In 1808 Catch Me Who Can, a locomotive built in Bridgnorth by Richard Trevithick, became the first locomotive to carry fare paying passengers on a circular demonstration track in London.
Trevithick 200 was formed by a group of Bridgnorth residents to celebrate the bicentenary by building a working replica locomotive and organising events such as lectures, concerts and a steam rally. It was first registered as a Charity in May 2007.
Following a re-registration as a Charitable Incorporated Organisation (CIO) in 2015, Trevithick 200 is now Registered Charity number 1162485 with nine trustees.
It is a member of The Trevithick Society.
The Charity Commission records the Charity’s objectives as being “To advance the education of the public in the industrial heritage of Bridgnorth, in the town's place in the industrial revolution, and in the history of railway steam locomotion, particularly but not exclusively by the construction, exhibition and demonstration, at the Severn Valley Railway and elsewhere, of a full size working replica of the world famous "Catch Me Who Can" locomotive, built in Bridgnorth in 1808, and by holding discussions and lectures.”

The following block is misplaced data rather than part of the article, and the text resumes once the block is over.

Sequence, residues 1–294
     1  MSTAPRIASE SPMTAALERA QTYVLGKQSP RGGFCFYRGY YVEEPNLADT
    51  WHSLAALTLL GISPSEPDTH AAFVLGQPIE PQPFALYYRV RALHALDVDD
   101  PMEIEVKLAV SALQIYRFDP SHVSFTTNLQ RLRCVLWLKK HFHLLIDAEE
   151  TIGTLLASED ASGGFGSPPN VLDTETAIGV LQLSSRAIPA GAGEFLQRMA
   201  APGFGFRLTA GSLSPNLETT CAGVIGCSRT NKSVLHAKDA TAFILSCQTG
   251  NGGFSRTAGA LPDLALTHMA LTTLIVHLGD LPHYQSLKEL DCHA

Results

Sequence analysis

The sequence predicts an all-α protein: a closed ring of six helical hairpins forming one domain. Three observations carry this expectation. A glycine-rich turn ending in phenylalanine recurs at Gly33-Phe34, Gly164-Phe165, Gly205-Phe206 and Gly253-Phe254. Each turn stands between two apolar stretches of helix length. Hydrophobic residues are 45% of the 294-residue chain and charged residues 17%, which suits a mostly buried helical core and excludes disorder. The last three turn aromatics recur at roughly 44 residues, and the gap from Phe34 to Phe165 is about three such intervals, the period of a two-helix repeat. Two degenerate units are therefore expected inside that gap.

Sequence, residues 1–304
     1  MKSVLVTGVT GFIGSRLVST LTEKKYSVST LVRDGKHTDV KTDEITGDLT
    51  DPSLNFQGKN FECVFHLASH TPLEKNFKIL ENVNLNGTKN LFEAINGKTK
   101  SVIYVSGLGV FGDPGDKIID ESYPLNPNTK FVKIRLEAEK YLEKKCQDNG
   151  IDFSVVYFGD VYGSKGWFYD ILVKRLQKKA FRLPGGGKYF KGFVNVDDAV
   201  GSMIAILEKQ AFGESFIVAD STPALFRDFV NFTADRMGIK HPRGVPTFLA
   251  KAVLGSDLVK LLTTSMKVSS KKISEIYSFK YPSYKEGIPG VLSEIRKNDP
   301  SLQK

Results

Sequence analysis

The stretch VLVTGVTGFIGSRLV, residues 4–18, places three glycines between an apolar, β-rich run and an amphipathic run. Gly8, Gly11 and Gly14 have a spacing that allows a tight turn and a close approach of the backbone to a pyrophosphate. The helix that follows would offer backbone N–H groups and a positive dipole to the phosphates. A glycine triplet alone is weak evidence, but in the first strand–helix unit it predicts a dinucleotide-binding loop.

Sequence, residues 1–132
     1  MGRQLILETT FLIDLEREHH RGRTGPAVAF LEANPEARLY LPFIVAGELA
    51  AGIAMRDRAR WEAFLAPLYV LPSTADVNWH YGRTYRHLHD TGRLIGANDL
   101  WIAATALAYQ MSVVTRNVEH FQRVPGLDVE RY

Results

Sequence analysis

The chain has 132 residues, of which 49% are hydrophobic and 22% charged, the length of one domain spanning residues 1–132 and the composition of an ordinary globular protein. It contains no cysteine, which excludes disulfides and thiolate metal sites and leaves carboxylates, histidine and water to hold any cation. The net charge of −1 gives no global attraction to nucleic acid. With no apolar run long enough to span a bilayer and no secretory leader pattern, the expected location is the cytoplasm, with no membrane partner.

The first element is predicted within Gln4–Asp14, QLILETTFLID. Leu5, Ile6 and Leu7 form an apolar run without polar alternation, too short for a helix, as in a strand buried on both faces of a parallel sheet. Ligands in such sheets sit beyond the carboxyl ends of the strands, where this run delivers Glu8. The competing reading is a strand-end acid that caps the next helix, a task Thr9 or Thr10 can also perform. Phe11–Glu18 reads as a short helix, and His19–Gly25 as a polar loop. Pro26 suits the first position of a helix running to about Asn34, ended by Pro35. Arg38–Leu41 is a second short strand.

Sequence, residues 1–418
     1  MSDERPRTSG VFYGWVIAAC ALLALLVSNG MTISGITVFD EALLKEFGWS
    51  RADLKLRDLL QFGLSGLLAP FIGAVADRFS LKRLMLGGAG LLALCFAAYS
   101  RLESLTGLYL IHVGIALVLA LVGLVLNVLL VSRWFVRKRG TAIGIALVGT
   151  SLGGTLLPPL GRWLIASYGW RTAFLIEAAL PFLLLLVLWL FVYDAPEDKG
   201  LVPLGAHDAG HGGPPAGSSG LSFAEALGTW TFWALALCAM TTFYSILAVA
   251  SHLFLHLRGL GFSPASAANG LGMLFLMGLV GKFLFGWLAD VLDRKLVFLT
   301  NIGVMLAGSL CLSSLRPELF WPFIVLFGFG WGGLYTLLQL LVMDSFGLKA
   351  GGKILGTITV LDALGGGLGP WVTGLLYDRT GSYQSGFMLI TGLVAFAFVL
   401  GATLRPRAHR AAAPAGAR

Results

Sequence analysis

Its income totalled £998 for the year ending 31 March 2018. The primary source of income is a sales stand at railway events. Goods include Trevithick biographies and a framed print of a painting by a local railway artist depicting the original locomotive under test in 1808. In 2018 it was moved from Bridgnorth to Kidderminster with consequent greater foot-fall and sales. Trustees are present at several railway events during any year to display and explain the replica and its historic context to the public, as well as providing ad hoc expositions to interested passers-by when work is being carried out on the engine. The disadvantage of moving the sales stand has been the educational element of interaction with the public suffers.